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By Scott Shane | March 10, 1992
In the room the women come and goTalking of Michelangelo.! -- T.S. EliotWhat would Buonarroti think,Landing in U.S.A. today?From Toys-R-Us to Compu-LinkHis name's our culture's main mainstay.At first, perhaps, he'd be amazedHis genius spans the centuries.Pieta still leaves 'em dazed;Sistine's ceiling still can please.''Nah, Mikie's not some boring dead guy --like, this turtle freak, y'know?''(As some kind kid would clarify)''These chemicals, like, made him grow.''As Buonarroti scratched his headSome hardened software type would say:''Your hard disk data's simply deadIf Michelangelo has its way.''Thus, baffled, would the great man flee-- With floppy disk and turtle gum, too --Back to the 16th centuryTo tell them just what things would come to.Buonarroti saw in marbleHeroes struggling to be free.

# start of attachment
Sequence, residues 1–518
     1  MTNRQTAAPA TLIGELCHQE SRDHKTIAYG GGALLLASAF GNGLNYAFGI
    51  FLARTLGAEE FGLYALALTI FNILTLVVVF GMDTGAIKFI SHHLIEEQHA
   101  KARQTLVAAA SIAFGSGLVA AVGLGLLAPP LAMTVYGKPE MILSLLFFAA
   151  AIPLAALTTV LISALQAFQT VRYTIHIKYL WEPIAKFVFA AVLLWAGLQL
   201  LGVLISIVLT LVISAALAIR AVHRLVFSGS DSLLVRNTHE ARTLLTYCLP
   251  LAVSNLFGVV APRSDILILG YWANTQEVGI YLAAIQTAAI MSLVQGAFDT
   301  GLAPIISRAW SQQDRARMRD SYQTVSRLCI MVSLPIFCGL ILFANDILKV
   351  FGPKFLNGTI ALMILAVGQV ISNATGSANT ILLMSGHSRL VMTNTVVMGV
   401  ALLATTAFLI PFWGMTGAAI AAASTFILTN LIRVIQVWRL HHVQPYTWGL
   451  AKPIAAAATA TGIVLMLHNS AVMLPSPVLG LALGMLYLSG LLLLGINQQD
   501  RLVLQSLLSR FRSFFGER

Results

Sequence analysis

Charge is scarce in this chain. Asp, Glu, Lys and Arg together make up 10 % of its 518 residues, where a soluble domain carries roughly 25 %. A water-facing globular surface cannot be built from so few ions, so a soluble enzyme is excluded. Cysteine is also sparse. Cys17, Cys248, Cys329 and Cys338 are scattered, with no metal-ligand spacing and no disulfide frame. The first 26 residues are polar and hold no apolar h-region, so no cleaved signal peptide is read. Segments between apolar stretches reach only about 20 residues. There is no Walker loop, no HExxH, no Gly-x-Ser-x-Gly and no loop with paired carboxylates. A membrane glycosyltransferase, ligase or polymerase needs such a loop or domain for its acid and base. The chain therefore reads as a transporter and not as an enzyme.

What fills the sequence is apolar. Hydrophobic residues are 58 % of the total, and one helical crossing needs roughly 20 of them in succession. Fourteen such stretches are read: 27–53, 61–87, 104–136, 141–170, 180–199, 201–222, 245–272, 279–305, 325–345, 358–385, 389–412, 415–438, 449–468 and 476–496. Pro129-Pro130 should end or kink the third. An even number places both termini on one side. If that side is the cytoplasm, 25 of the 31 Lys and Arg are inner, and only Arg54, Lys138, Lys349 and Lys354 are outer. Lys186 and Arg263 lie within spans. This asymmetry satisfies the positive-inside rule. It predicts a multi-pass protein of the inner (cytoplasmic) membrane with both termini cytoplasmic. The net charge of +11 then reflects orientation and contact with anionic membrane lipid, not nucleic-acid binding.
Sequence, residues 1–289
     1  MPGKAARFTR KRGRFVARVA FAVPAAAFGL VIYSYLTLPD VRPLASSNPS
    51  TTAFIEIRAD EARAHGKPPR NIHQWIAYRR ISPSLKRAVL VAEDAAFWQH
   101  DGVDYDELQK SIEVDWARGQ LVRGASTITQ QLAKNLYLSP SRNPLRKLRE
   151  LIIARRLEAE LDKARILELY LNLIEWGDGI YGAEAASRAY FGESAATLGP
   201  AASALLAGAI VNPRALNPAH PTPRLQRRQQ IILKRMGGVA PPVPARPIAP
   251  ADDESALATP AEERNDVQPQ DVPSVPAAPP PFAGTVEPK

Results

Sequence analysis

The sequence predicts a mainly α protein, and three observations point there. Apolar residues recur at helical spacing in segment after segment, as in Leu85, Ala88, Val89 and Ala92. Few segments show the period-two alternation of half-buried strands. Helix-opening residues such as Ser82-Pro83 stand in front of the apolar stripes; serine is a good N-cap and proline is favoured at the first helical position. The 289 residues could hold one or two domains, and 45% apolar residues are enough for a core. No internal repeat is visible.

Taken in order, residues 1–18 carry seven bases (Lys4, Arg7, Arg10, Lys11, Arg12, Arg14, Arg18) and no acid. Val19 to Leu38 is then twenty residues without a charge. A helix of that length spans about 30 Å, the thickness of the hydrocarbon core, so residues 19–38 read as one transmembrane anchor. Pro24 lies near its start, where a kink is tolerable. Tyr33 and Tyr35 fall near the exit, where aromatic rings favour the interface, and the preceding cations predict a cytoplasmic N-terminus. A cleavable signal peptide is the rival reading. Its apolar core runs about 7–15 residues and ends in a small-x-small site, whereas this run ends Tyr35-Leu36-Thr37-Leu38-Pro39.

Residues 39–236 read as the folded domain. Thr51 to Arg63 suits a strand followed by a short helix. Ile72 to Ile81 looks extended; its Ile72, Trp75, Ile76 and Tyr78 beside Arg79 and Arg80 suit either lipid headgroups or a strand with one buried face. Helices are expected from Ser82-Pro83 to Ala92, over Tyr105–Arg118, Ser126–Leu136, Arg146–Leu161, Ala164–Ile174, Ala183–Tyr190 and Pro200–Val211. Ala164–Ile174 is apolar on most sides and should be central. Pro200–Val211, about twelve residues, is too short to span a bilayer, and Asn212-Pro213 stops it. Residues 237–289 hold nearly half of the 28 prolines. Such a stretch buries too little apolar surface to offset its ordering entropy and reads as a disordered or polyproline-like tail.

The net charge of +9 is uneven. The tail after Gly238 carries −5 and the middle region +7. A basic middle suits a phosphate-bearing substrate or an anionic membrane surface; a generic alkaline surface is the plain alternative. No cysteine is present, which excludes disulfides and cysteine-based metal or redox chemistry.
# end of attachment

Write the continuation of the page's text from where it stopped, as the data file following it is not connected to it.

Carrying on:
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By Michael Sragow and Michael Sragow,Sun Movie Critic | October 5, 2007
The Rape of Europa horrifies you with its depiction of the Nazis' assault on Western culture but also inspires you with its portrait of dedicated museum workers and archivists and a U.S. Army team known as "monuments men" who saved much of Europe's artistic legacy from destruction. In this cogent documentary, writers-directors Richard Berge, Bonni Cohen and Nicole Newnham, working from Lynn H. Nicholas' groundbreaking 1994 book, take an illuminating and inclusive look at their still-incendiary subject.
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NEWS
By Richard Eder and Richard Eder,Los Angeles Times | March 21, 1993